My name is Domini and I am from her words. Three words to describe myself would be feminist, writer, croissant. If a biopic was made about me, I would want Cate Blanchett to play me because who doesn’t want to meet Cate Blanchett?! If a wave of a magic wand could affect change for one social issue, it would be equal respect, rights and opportunities for all.
NW: her words is a new series capturing the diversity of women’s stories. What drove you to start this venture?
DM: The idea for it had been sitting in the back of my mind for some time. I am a lover of deep and meaningful conversations (often over a glass of wine) and of connection. I’d felt the power of sharing your story and, in doing so, feeling as if you’ve been truly seen and heard, and also the power of listening to the stories of others and connecting through them. So, her words came about as a platform for diverse women’s stories – to embrace the power of storytelling and connection, drive greater empathy and awareness for women and their experiences, and ultimately with the hope of contributing to greater gender equality. I believe that personal connection can lead to social change, through the attitudinal and behavioural change that (hopefully) follows and that’s what the series is about. It’s also about building a community of women who back each other and who, from listening to each other’s stories, might also find the courage to speak up.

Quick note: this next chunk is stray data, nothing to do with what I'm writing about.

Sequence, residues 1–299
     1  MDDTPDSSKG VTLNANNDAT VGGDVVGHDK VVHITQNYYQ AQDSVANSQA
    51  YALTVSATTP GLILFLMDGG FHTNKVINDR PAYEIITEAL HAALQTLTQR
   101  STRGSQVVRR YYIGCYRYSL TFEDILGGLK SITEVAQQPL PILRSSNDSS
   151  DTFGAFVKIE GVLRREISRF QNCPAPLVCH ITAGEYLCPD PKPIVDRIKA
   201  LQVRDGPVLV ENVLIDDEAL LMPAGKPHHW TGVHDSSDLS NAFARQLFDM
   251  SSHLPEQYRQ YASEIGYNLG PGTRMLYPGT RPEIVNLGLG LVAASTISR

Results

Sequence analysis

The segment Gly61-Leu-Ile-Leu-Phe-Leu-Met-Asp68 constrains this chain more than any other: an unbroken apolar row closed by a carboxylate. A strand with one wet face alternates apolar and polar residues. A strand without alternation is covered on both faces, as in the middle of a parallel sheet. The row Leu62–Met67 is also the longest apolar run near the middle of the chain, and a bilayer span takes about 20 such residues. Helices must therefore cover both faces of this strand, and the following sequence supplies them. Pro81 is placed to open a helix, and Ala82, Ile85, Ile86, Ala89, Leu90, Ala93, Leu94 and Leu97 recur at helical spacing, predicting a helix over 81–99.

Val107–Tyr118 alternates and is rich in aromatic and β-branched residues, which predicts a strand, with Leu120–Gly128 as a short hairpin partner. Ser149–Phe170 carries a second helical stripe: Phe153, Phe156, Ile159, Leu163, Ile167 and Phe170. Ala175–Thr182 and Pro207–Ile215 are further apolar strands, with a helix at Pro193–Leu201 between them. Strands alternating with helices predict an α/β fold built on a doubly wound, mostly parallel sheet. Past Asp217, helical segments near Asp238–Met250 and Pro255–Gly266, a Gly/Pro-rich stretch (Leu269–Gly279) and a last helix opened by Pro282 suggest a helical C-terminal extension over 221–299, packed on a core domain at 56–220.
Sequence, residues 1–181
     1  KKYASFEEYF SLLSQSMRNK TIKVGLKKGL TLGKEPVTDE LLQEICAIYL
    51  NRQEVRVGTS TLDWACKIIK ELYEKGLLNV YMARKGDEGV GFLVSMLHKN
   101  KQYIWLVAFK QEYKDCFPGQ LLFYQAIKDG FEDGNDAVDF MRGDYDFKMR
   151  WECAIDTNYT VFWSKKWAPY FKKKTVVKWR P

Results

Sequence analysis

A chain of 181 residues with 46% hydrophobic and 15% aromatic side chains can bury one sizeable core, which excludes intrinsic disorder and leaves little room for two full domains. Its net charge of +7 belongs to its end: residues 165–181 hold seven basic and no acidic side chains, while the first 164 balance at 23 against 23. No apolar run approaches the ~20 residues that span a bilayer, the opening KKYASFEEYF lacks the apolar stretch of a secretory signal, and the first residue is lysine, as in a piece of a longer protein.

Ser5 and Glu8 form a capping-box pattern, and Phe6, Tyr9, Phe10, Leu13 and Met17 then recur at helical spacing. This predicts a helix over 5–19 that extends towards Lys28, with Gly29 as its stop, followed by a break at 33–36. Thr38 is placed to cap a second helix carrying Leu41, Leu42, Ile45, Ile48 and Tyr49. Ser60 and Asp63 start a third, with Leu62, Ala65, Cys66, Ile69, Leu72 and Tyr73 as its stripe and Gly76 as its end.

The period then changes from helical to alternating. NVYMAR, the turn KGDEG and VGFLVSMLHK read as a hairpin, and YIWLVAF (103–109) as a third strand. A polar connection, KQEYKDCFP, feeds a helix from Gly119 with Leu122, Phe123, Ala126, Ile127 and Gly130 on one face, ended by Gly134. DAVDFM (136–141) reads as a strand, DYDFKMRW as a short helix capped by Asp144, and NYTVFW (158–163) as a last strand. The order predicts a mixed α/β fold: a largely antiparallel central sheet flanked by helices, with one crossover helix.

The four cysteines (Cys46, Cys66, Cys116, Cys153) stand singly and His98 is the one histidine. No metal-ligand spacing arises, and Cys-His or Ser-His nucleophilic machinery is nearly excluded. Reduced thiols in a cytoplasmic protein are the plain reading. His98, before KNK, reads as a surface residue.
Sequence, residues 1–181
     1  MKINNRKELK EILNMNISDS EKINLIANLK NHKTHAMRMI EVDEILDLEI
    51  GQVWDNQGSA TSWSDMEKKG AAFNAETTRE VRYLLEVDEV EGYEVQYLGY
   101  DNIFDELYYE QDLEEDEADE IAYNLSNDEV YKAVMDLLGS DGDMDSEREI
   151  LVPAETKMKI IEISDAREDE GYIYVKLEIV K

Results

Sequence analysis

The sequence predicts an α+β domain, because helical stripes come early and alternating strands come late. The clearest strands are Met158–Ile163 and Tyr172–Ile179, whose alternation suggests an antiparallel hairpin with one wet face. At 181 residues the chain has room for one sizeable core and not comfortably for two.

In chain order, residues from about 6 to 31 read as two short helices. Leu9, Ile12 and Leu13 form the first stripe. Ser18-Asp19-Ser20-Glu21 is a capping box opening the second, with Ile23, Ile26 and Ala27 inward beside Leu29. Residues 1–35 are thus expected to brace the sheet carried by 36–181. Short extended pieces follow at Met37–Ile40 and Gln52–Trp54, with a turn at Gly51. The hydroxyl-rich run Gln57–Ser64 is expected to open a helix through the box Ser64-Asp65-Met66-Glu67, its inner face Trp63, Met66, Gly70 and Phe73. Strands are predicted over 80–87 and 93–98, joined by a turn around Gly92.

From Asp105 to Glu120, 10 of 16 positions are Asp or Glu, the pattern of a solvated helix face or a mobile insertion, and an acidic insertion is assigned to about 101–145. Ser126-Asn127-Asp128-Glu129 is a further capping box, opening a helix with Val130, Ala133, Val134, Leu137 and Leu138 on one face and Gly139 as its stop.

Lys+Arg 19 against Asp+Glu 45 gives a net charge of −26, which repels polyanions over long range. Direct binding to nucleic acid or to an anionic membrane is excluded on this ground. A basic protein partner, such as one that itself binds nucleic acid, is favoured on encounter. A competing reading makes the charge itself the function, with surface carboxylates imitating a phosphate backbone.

NW: What topics will the series cover?
DM: To start the series is covering a whole range of topics from feminism, to gender stereotypes, to everyday sexism, to self-love. Each month we focus on a new theme, so we’ll continue to expand these in order to dive into unique conversations on diverse topics.
NW: Why do you think these stories are still underrepresented or even misrepresented?